Thanksgiving is one of the few chances I have to see my grand-nephew, Mason. The kid's just getting into everything, and he's got the same brown hair that I and my nieces have. There is no doubt in my mind he'll be a heartbreaker someday.

I look at my two nieces, Heather (Mason's mother) and Savannah, and it occurs to me that we all have roughly the same look -- a pile of brown curls, and dark eyes that peer from underneath.

Of course, it takes a certain amazing, powerful love to take someone who doesn't happen to be biologically related to you into your home and give them the support that their closer relatives in the world cannot -- but there are people who would never dream of having children, partly because they think they couldn't love a child that wasn't related to them. Evolutionarily, they might well be right -- but the point is moot for so many who are gay, lesbian, or transgendered; they face certain obstacles in the process of conceiving. Gay men and transwomen have a certain lack of womb and eggs, and gay women and transmen are of course sperm-free. Personally, even though I used to promise myself that I would adopt, if I ever wanted kids, I have found myself feeling deep loss that I'll never be able to feel what it is like to have another life growing inside me, due to being born male. (Also, for a long time, I didn't realize I'd ever start on estrogen, and wow, is the resulting increased awareness of the biological clock loud. I've already found myself daydreaming about what the baby's room is going to look like in extreme detail -- already picked out what kind of mobile I want over the crib! -- and it gives me pause every time it happens.)

Science, as so often happens, may be filling the void sooner than I ever thought it could happen. A recent BBC article talks about reactions to a technology that allows anybody with bone marrow to create sperm. Lesbian couples the world over can just pick whichever partner they wish to provide the spermatozoa, and voila -- egg plus sperm, and you've got insemination materials.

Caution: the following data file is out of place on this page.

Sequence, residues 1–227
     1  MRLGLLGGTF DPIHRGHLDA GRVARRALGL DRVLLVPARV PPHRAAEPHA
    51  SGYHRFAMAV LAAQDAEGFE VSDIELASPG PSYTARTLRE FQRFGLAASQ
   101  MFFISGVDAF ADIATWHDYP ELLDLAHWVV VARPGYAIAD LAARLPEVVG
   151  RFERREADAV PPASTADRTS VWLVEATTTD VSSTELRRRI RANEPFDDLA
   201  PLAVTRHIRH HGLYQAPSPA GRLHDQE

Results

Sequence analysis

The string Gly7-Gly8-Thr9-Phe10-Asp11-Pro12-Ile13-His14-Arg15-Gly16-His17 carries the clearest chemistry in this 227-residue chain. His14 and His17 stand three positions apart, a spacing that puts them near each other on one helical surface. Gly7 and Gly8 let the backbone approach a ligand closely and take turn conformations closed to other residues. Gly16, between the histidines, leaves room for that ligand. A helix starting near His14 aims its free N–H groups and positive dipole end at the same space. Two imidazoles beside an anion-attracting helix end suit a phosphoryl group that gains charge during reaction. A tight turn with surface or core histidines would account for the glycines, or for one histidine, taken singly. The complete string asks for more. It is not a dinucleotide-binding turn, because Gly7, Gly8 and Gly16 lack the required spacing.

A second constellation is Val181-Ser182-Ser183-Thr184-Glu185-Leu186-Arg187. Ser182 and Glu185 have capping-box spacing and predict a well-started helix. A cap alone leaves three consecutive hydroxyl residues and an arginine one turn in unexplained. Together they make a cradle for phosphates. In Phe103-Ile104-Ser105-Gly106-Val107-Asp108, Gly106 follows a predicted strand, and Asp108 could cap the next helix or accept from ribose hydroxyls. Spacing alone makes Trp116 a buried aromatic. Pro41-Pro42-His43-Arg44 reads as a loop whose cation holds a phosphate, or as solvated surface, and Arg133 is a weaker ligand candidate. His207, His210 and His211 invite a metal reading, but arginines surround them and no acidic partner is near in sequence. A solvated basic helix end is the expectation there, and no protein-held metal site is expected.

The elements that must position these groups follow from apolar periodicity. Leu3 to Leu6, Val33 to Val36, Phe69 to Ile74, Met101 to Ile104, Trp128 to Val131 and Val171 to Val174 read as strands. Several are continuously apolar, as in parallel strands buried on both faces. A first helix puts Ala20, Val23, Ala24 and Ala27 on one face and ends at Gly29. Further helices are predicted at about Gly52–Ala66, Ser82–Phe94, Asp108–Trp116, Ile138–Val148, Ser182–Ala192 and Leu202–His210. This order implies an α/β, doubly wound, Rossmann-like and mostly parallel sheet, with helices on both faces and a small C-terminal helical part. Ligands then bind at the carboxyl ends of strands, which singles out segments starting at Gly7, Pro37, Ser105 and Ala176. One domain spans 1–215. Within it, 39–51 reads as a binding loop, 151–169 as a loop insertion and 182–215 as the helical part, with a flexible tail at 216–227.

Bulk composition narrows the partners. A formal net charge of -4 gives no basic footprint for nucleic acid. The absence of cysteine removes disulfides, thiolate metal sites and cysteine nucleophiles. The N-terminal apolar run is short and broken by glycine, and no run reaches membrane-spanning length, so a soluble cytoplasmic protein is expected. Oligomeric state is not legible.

There are some current limitations, of course -- there's not an egg production process that would provably work in humans yet, and if both the egg donor and sperm donor are XX, there's no chance for a Y chromosome to stray into the equation, and hence no chance of a boy. (Whereas a couple that are both XY using the same technology for egg production would have 2/3rds male children to female children, because there are two combinations of their genes resulting in an XY configuration, but only one in an XX). Further, it does involve drilling a bone and making a marrow withdrawal, not exactly everybody's idea of a fun weekend.

Having said this, I couldn't see why -- as the process became less and less specialized -- that eventually people might not be able to have kits for generating sperm or eggs, ones that can be purchased at a local store and used with a blood sample to generate a few billion sperm or a couple dozen eggs for the user.

Back at my mother's living room, I'm pretty sure I'm not stable enough to take care of a child any time soon, personally. Also, I muse as I watch my niece Heather finding it very difficult to move with her enormously bulging 8-month-pregnant body, maybe not being able to do that isn't such a bad thing -- for now, anyway.

And who knows -- once I'm ready, maybe the science will allow me to actually bear the child, instead of just watching other people do it.

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